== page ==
Gangsta.

It struck me that he got arrested for doing it.

Mr. Finley. He's a legend in L.A. and around the world. Some of his Ted Talks are legendary. This one guy that sees producing your own vegetables as a way of freedom. He believes that there's a lot of people that live in areas of America and in the world, that are food deserts, the people there don't have an option to eat better; and that to eat vegetables is actually like a luxury because people have to get on a bus and on a subway to get to a faraway market.

He's saying, why we don't start creating in these forgotten communities in America and around the world, gardens that people with not a lot of resources can have access to the same fruits and vegetables that anybody in the richer parts of America or the world have. He's a fighter saying everybody needs to have the same opportunities for good quality food. Really, he's a food fighter in every sense of the way.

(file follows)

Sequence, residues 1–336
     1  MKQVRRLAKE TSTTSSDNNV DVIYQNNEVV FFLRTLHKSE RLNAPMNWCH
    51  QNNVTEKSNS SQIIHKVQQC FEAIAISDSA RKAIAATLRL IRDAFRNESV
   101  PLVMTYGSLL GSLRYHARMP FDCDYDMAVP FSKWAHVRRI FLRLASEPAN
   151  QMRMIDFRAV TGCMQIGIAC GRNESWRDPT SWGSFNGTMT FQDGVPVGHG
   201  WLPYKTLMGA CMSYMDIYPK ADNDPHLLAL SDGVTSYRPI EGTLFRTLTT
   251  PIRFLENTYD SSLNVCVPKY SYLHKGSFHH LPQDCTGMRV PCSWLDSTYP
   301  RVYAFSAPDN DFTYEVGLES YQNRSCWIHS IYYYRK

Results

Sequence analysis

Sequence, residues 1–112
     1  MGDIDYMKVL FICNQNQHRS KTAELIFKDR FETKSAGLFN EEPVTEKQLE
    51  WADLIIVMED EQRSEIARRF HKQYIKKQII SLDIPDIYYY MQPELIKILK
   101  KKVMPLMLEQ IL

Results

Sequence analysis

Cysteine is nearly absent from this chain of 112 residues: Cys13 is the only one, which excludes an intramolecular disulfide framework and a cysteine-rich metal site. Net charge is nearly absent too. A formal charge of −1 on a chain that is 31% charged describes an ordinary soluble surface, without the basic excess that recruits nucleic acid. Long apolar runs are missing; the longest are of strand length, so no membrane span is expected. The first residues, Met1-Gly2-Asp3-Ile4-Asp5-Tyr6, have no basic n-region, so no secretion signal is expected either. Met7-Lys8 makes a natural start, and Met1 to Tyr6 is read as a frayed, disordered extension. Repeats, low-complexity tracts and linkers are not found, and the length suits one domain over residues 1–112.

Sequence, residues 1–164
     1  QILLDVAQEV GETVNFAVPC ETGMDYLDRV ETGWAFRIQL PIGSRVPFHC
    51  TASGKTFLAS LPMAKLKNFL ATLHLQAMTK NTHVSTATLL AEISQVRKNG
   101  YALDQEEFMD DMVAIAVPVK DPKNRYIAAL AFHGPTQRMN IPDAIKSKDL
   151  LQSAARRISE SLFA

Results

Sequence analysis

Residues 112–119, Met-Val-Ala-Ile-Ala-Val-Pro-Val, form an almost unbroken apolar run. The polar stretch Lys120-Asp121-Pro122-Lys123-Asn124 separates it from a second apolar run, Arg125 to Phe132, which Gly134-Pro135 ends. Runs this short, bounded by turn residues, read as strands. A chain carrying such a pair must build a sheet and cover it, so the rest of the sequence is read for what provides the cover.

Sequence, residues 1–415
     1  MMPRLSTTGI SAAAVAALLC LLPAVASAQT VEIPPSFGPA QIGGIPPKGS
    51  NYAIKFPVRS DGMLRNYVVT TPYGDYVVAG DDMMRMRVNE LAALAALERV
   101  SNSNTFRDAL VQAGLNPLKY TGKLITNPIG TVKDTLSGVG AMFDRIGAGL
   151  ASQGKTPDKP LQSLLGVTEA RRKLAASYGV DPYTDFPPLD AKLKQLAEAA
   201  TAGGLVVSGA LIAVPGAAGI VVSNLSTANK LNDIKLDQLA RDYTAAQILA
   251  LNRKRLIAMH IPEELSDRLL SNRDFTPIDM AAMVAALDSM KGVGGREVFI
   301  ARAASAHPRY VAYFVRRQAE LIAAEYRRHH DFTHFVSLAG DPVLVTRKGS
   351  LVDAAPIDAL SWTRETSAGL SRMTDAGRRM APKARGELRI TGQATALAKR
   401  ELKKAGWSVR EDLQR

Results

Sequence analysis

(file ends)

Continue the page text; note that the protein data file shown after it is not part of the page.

It struck me that a great place like Chefs Garden is about education, and Gangster Garden is about education and self-defense . 

Totally. Chef's Garden probably is the farm of farms. They don't care so much about the seeds, about the vegetables as they care about the soil. Nobody has engineered the soil better than the great people of the Chef's Garden. Every single vegetable has its own quality soil. When you see that soil through the microscope, you see that that soil is full of life, full of little tiny insects that all are enriching the soil where the vegetables come from.

A good vegetable, we need to remember that if it's very good and very tasty, it's because it comes from very healthy and rich soil. Soil is the key to great vegetables. With that, I'm not saying that hydroponics should not be also a way to the future, but that water also has to be very rich in nutrients. Nutrients are key for successful farming. More traditional ways like taking care of your soil, which still we need to take care of our soil, but also new technologies that are allowing certain parts of the world, that maybe they don't have access to that rich soil, to also produce with the harvest.